No matter the topic, from the inane to the severe, Golby’s wit bleeds through every page.
Whether waxing about The Libertines’ Pete Doherty eating an American-sized English breakfast or sharing his own painful experience of taking an exercise class just so he could talk to Dolph Lundgren, VICE writer Joel Golby winks one eye at the absurdities of modern culture while rolling the other one. His literary debut, Brilliant, Brilliant, Brilliant, Brilliant, Brilliant, collects like-minded essays, stories, and observations about such concerns as hot sauce and the physical dangers of the board game Monopoly.
Golby captures reality with a youthful urgency and fully recognizes that our culture is simply bizarre. His ruminations about life and adulthood reflect someone who may have been damaged by a hard world but still thinks cynicism is for suckers. “Hot Sauce Capitalism” chronicles his obsession with chipotle-flavored Tabasco sauce, a charming read that may not be deep enough to take seriously; then again, maybe that’s the point. A preface outlining curious differences between British and American culture starts strong before running dry as he details his fascination with our storied tradition of trash tv shows.
His topics are often humorous, yet some of Golby’s most compelling material is bittersweet. On the surface, “A Can of Lager and a Three-Course Meal” lovingly mocks the strange adulthood ritual of dinner parties, replete with mind-games about how to avoid cleaning up the dishes and a curt dismissal of the pretentious “wine guy.” But there’s a genuine pang when he realizes the very reasons he mocks his friends–domestic pursuits, kids, housework–just might be the special thing he wants for himself.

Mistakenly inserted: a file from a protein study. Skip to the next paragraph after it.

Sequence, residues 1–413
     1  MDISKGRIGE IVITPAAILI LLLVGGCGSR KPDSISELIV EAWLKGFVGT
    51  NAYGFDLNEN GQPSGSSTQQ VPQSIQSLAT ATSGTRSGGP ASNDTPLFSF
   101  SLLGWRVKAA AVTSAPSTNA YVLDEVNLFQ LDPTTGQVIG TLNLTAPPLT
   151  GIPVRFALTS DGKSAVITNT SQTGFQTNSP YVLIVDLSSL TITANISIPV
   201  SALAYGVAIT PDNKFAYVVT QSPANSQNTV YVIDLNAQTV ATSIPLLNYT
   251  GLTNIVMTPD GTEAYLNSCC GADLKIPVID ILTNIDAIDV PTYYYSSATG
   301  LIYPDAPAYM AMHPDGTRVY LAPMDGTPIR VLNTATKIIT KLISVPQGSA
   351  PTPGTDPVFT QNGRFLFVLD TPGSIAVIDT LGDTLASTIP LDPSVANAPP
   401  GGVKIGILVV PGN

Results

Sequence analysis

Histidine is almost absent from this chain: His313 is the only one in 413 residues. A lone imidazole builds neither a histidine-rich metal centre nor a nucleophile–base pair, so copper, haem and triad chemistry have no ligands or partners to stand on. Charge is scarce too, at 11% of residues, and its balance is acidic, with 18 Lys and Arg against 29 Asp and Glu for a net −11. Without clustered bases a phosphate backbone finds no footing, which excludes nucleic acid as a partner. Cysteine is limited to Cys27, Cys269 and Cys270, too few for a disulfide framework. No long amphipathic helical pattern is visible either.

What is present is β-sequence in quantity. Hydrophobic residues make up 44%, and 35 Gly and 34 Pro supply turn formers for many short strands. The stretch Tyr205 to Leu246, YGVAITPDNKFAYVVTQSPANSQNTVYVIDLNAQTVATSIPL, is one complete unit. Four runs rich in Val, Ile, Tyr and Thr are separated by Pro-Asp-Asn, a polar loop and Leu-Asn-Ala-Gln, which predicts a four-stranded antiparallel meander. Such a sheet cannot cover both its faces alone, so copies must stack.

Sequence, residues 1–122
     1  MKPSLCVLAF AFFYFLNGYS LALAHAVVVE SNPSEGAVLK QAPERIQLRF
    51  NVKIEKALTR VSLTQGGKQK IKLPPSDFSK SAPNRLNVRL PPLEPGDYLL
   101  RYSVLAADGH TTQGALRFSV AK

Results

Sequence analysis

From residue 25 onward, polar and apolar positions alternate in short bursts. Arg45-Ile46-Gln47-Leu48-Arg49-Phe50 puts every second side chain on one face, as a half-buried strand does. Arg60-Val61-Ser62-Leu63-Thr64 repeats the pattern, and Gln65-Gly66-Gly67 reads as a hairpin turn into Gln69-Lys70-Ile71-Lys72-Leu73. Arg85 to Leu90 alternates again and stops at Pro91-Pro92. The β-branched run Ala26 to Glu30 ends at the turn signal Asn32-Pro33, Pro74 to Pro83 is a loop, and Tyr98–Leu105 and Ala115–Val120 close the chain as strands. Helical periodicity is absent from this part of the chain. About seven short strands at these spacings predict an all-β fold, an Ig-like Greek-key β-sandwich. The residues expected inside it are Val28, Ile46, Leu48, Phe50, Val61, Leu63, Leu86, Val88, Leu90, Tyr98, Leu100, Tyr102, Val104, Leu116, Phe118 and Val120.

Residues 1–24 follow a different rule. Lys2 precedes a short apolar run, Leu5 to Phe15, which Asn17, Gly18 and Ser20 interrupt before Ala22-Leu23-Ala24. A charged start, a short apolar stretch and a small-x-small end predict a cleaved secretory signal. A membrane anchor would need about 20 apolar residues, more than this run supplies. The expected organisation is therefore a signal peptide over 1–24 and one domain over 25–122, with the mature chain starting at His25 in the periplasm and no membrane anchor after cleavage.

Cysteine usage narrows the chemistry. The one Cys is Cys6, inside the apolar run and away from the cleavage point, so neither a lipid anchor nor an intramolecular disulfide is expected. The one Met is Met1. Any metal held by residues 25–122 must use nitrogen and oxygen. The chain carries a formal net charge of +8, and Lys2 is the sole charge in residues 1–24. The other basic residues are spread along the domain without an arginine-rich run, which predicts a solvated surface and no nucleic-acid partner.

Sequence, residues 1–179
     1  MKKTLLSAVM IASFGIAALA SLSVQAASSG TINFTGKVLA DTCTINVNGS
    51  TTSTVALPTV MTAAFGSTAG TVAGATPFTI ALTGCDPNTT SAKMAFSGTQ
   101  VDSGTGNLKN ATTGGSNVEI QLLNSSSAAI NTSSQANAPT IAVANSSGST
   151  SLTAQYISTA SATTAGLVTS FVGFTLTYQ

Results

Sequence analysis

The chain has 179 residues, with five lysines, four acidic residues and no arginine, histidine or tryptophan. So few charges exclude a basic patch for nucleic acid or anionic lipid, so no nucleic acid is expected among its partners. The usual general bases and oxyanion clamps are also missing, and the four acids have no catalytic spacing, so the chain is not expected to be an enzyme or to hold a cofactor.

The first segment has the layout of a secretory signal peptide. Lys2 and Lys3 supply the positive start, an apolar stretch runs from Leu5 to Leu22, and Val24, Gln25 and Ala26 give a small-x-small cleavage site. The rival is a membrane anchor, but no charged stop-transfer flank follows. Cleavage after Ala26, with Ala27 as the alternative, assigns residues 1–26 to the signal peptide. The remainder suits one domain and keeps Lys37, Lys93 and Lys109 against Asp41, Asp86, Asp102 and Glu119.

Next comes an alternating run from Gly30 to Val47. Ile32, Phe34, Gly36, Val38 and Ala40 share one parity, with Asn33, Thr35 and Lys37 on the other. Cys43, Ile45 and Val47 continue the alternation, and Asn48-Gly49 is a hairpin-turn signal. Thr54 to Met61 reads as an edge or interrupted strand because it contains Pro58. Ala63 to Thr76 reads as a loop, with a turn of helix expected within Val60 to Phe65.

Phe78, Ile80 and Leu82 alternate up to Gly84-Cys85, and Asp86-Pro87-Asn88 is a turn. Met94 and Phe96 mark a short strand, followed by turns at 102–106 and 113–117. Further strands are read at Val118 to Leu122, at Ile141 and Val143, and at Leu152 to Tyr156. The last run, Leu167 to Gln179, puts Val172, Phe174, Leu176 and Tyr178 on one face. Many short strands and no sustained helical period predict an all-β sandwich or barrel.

That duality is a lot of what makes Brilliant, Brilliant, Brilliant, Brilliant, Brilliant work. Essays about watching (and tipping) online gamers and envying the idol-like masculinity of pop-star Pitbull (“‘Respect Pitbull,’ I say. ‘Show your respect to Pitbull.’”) feel shallow, almost like stand-up bits that struggle to gain any traction. On the other hand, opening essay, “Things You Only Know When Both Your Parents Are Dead,” not only demonstrates Golby’s personal scars, but proves that his eloquent prose style is a coping mechanism.
In the essay “Party Hard,” Golby ruminates upon the ravages of time and age. Now in his 30s, he accepts the loss of his youthful party days with an odd nostalgia. Gone is the carefree raging of his 20s, when hangovers were a myth and adulthood and responsibilities were merely whispered rumors. Faced with the cold actuality of his third decade on the planet down and staring down the barrel of his fourth, he betrays a moment of fear and acceptance united as an immutable reality. He details specific times when, through childhood exhaustion or herculean amounts of booze, he passed out at parties. Perhaps youth truly is wasted on the young.
No matter the topic, from the inane to the severe, Golby’s wit bleeds through every page. Every rambling footnote and manic aside feels appropriate, never breaking the line between extended exposition and over-indulgent blather. Each essay reads like the musings of a chain-smoking grad student sitting at the end of the pub, slamming pint after pint while spewing a color commentary both pretentious and endearing. While not everything succeeds, Brilliant, Brilliant, Brilliant, Brilliant, Brilliant is an undeniably strong debut from a young writer with an equal knack for understanding the ridiculous and the sincere.